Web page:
Aigle Azur

From Wikipedia, the free encyclopedia
Jump to: navigation, search
Aigle Azur
Aigle Azur logo.png
IATA ICAO Callsign
Founded 1946
Hubs Orly Airport
Focus cities Lyon-Saint Exupéry Airport
Marseille Provence Airport
Aéroport Paris-Charles-de-Gaulle
Frequent-flyer program Azur Plus
Fleet size 10
Destinations 26
Parent company GoFast Group
Headquarters Paris, France
Key people M. Arezki Idjerouidène,
M. Méziane Idjerouidène

Société Aigle Azur Transports Aériens is an airline with its head office in Tremblay-en-France, France, near Paris, it is currently the second largest airline in France, behind the Air France Group. It operates domestic scheduled passenger services and international services to Algeria, Mali, Portugal, Senegal and France.[1] It also operates charter, cargo and wet lease services. Its main bases are Orly Airport, Paris.[2] Aigle Azur is also accredited by IATA with the IATA Operational Safety Audit (IOSA) for its safety practices.[3]


An Aigle Azur Douglas DC-3 arriving Manchester (Ringway) Airport on 3 April 1953. It is fitted with a ventral Turbomeca Palas booster jet for use in "hot and high operations".
A Boeing 737-300 of Aigle Azur approaches Malta International Airport in 2004.

In April 1946, Sylvain Floirat established the original Aigle Azur as one of the first wholly privately owned, independent airlines in post-war France. Between 1946 and 1955, the airline operated a large fleet of Douglas DC-3s.[4]

During the early 1950s, Aigle Azur began operating long-haul scheduled routes linking metropolitan France with Africa and the Asia-Pacific region. France's Ministry of Public Works and Transport had transferred Air France's traffic rights for these routes to the country's newly created independent airlines, including Aigle Azur.[5]

In 1970, the airline was re-constituted as a regional airline named Lucas Aviation.[2] The re-formed airline's corporate and operational headquarters was at Paris Pontoise Airport,[6] located in Boissy l'Aillerie.[7][8] Lucas Aviation initially traded as Lucas Air Transport and operated regional scheduled services, including a year-round operation linking Deauville with London Gatwick.[6] The name subsequently changed once more to Lucas Aigle Azur.[2]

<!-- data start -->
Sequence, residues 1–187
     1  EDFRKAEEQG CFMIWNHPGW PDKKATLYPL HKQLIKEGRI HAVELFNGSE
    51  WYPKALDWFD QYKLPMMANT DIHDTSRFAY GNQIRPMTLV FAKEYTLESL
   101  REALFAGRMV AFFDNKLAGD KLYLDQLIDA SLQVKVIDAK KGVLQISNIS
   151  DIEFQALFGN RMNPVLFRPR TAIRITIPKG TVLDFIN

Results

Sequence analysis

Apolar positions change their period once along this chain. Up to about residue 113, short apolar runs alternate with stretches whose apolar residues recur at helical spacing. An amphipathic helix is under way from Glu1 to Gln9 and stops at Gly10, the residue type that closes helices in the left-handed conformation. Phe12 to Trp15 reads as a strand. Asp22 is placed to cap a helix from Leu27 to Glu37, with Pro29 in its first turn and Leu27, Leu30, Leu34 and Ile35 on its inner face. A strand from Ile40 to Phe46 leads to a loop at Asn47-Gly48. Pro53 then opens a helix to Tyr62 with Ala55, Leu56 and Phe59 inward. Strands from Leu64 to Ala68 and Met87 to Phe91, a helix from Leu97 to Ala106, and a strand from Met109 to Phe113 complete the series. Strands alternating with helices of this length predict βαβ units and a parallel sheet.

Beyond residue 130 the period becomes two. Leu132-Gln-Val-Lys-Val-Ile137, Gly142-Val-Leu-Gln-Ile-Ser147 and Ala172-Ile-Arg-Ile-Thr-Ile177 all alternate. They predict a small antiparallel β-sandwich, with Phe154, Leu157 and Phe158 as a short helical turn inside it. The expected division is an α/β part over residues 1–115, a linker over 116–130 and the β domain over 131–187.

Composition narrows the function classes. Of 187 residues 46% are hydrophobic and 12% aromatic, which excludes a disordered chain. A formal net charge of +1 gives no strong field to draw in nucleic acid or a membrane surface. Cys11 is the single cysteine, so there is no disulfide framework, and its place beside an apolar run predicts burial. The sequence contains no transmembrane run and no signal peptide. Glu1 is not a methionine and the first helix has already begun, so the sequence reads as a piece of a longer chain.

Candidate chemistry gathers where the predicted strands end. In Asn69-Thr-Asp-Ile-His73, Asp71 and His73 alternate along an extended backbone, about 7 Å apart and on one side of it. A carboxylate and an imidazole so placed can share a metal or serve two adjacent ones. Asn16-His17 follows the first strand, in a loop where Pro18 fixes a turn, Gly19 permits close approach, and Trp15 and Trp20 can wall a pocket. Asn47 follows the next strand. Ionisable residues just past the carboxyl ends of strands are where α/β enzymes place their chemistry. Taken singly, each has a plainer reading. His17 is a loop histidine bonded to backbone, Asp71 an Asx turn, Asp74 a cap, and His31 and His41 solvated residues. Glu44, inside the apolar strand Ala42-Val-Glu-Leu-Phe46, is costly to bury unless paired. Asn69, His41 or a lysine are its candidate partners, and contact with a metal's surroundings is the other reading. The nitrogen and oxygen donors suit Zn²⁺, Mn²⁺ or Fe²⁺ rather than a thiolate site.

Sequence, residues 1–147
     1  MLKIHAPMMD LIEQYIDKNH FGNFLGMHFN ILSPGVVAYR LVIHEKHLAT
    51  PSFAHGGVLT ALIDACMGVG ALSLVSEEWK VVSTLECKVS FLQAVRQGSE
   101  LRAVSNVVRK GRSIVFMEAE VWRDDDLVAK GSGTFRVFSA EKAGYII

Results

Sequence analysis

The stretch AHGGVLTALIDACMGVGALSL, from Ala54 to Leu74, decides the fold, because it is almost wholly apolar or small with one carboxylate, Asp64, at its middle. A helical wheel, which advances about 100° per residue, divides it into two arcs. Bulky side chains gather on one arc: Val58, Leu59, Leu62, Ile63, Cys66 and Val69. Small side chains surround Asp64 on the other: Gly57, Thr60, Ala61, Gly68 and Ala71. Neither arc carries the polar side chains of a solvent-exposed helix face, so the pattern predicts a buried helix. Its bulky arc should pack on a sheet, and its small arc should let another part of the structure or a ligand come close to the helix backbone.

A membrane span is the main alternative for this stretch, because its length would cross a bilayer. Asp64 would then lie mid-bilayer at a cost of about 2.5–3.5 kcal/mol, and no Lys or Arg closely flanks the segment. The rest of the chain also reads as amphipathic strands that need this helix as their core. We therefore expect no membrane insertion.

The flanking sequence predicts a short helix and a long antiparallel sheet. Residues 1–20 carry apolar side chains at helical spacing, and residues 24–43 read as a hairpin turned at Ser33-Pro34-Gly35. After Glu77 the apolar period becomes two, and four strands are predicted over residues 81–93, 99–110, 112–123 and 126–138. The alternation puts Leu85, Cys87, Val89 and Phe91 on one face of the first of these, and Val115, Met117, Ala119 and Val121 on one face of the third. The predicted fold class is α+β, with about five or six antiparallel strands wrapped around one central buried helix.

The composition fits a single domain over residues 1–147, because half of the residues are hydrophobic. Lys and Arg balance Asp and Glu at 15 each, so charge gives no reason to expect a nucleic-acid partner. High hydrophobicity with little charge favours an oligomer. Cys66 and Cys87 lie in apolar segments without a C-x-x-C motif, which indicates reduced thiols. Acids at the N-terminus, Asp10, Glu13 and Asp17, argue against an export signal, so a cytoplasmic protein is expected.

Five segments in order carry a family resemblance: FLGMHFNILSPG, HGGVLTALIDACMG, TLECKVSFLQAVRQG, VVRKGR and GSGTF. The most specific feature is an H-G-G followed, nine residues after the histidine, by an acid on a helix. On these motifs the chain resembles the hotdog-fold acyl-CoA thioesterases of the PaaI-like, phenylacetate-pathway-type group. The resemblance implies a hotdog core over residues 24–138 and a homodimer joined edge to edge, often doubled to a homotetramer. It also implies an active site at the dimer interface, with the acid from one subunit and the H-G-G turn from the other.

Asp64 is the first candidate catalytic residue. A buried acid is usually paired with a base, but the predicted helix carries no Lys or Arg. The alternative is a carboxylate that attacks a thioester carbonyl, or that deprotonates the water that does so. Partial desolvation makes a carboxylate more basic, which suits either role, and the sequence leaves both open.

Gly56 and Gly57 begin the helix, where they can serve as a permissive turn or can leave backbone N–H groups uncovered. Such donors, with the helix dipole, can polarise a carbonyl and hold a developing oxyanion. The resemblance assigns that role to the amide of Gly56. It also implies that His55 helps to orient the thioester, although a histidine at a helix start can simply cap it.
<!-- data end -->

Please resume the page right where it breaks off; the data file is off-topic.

An Airbus A320 in the airline's new livery landing at Toulouse Blagnac International Airport (September 2013).

In May 2001, Groupe GOFAST acquired Lucas Aigle Azur from its previous owners, and reinstated the original name, Aigle Azur. The new owner refocused the airline as a mainstream short- to medium-haul scheduled and charter carrier. Aigle Azur began replacing its Boeing 737s with Airbus A320 family aircraft. It has 450 employees as of May 2007.[2] A plane operated by Aigle Azur landed in Baghdad on 31-10-2010, becoming the first flight from a European airline to arrive in the city since the twenty-year-old international embargo began in 1990.

On 23 October 2012, HNA Group announced that it completed its acquisition of a 48 percent stake in Aigle Azur in Paris, becoming its second largest shareholder, after Group GOFAST.

In December 2012, Goldenflyer awarded the airline for "Best Cabin crew".

Corporate affairs[edit]

The airline's administrative head office is in Tremblay-en-France, near Paris.[9][10] The airline's registered office is in the 2nd arrondissement of Paris.[10]


An Aigle Azur Airbus A320 reg. F-HBAE in the airline's old livery landing at Athens International Airport (August 2008).

The majority of Aigle Azur's international flights are to Africa and Europe (Algeria, France, Senegal, Mali, China and Portugal).

Codeshare agreements[edit]

Aigle Azur has codeshare agreements with the following airlines (as of March 2015):


An Aigle Azur Airbus A321-200 at Paris-Orly Airport (2006).

The Aigle Azur fleet consists of the following aircraft (as of August 2016):[11]

Aigle Azur fleet
Aircraft In Service Orders Passengers Notes
P Y Total
Airbus A319-100 3 156 156
Airbus A320-200 7
Total 10

Incidents and accidents[edit]

There were several hull-loss accidents involving Aigle Azur aircraft between 1949 and 1954, most of which took place in French Indochina, today's Laos or Vietnam.

  • On 27 November 1949, an Aigle Azur Douglas C-47 Skytrain (registered F-OABJ) was shot down in a criminal occurrence near Dong Khe,[12] where a major battle in the First Indochina War would take place 10 months later.